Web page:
ENERGY STAR certified dryers use 20 percent less energy than conventional models without sacrificing features or performance. They do this using innovative energy saving technologies, such as moisture sensors that detect when clothes are dry and automatically shut the dryer off. Many ENERGY STAR dryers also include convenient features, such as steam cycles that can help save time on ironing clothes by preventing wrinkles.
More than 80 percent of American homes have a clothes dryer, so the savings opportunity is huge. If all clothes dryers sold in the US were ENERGY STAR certified, Americans could save $1.5 billion each year in utility costs and prevent greenhouse gas emissions equivalent to more than 2 million vehicles. To choose a dryer that saves energy and money while protecting the environment, look for the ENERGY STAR label.
Many of the latest dryer models are available in both electric and gas versions, so you can choose which option is right for you.
Gas dryers may cost less to operate, depending on the electric and gas rates in your area, but may have a slightly higher initial price tag. Like most electric dryers, gas models require venting to the outside of the home, in addition gas models also require a dedicated gas line which may not be practical for some types of housing and could add to the cost of installation.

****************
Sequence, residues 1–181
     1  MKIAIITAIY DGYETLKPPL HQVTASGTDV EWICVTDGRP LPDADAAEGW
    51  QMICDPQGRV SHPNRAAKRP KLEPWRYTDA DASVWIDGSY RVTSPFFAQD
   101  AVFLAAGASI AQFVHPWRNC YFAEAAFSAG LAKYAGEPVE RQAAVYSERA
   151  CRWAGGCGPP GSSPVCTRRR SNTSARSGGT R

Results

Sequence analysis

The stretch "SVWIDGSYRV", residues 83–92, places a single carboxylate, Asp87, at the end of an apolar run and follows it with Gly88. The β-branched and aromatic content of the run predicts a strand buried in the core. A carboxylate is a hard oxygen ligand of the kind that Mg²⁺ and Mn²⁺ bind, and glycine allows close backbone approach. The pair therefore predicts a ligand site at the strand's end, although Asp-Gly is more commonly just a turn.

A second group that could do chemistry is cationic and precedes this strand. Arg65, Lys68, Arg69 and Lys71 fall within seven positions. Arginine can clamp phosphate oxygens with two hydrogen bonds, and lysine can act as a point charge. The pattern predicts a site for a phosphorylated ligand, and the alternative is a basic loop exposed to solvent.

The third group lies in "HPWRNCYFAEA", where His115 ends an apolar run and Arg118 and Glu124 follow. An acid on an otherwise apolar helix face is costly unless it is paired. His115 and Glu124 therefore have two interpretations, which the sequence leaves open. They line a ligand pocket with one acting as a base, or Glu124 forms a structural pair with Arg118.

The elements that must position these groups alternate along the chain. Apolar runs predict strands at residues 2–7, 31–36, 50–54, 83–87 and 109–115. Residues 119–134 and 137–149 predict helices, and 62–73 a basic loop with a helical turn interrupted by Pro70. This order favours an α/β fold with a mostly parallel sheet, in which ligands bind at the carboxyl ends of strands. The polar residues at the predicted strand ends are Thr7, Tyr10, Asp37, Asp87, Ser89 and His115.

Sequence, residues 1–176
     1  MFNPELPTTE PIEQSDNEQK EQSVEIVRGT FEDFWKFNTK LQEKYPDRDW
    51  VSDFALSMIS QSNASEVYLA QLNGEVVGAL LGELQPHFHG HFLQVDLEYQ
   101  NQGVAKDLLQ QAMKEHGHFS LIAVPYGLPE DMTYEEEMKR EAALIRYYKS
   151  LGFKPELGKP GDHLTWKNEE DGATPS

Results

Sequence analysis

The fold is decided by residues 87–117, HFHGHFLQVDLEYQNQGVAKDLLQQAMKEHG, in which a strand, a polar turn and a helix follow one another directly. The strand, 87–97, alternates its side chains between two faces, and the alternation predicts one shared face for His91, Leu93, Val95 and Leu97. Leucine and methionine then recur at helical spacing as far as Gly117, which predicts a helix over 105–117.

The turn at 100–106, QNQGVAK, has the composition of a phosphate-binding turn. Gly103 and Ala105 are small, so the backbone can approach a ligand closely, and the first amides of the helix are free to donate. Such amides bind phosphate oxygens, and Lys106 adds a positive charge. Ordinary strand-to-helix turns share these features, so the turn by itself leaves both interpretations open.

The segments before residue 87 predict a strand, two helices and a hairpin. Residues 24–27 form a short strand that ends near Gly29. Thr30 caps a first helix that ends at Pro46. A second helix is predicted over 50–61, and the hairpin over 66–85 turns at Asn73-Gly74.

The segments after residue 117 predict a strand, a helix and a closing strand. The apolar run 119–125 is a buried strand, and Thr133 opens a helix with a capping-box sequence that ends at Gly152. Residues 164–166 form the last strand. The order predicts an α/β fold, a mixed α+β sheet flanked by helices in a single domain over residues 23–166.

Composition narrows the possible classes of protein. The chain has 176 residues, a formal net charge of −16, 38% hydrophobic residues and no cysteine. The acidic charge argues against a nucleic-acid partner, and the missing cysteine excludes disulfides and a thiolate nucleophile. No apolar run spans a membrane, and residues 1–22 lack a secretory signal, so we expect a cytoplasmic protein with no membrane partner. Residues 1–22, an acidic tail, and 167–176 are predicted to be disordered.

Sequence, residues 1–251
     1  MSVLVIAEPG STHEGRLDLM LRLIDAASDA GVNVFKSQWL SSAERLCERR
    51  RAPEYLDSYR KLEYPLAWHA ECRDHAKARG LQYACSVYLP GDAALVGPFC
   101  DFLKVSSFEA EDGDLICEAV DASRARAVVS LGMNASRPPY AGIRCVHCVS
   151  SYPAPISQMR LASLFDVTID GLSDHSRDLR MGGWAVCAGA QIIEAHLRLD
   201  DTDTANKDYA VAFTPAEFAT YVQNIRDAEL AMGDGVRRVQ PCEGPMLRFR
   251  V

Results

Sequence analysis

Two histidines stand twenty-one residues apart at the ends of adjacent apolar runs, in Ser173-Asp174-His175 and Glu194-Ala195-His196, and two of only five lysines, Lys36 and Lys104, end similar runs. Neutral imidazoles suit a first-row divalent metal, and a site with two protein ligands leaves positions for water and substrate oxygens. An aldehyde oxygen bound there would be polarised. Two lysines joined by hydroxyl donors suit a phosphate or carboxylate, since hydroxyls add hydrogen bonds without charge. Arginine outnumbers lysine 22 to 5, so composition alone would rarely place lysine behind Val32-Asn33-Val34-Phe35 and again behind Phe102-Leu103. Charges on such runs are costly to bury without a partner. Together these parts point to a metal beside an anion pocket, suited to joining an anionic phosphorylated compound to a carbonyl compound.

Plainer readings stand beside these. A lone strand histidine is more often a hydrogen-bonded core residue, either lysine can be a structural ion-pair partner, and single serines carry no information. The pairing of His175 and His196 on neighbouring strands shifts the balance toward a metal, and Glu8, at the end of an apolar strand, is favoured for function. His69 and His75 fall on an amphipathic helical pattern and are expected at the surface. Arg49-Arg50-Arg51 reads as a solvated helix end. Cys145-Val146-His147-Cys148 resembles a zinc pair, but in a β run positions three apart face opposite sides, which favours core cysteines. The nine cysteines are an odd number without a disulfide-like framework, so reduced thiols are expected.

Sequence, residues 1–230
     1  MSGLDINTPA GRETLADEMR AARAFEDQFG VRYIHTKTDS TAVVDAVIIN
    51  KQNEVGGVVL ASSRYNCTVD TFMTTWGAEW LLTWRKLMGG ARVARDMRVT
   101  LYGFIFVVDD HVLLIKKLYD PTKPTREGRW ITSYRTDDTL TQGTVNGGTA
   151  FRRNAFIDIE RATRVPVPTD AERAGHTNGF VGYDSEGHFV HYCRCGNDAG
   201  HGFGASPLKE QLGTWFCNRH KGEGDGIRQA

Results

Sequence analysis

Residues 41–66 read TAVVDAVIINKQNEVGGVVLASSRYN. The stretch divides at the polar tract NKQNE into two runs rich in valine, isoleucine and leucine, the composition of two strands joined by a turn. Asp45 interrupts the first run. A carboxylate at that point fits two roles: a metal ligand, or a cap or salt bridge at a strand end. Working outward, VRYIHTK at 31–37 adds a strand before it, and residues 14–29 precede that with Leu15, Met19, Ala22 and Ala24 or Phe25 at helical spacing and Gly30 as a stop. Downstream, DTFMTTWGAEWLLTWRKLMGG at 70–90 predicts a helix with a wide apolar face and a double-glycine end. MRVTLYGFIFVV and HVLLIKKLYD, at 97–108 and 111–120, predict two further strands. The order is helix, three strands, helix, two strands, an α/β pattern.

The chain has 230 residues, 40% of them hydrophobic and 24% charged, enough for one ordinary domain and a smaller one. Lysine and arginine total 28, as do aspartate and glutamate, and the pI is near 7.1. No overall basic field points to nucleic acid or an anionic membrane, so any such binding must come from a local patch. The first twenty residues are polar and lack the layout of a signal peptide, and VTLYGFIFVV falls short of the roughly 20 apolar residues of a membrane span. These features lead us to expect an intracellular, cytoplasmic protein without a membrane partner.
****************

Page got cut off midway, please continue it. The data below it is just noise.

Electric dryers may be slightly less expensive to purchase initially, but may be more costly to run than gas models, depending on your area’s utility rates. For homes where outside venting may not be practical, ventless electric models are available that do not require venting. Electric dryers do not require a dedicated gas line, but most standard sized models require a 240 V outlet. Alternatively, some compact dryers are available for a 120 V outlet.
Combined Energy Factor (CEF) is a measure of energy efficiency that reflects the energy use of the clothes dryer - the higher the CEF, the more energy efficient the clothes dryers.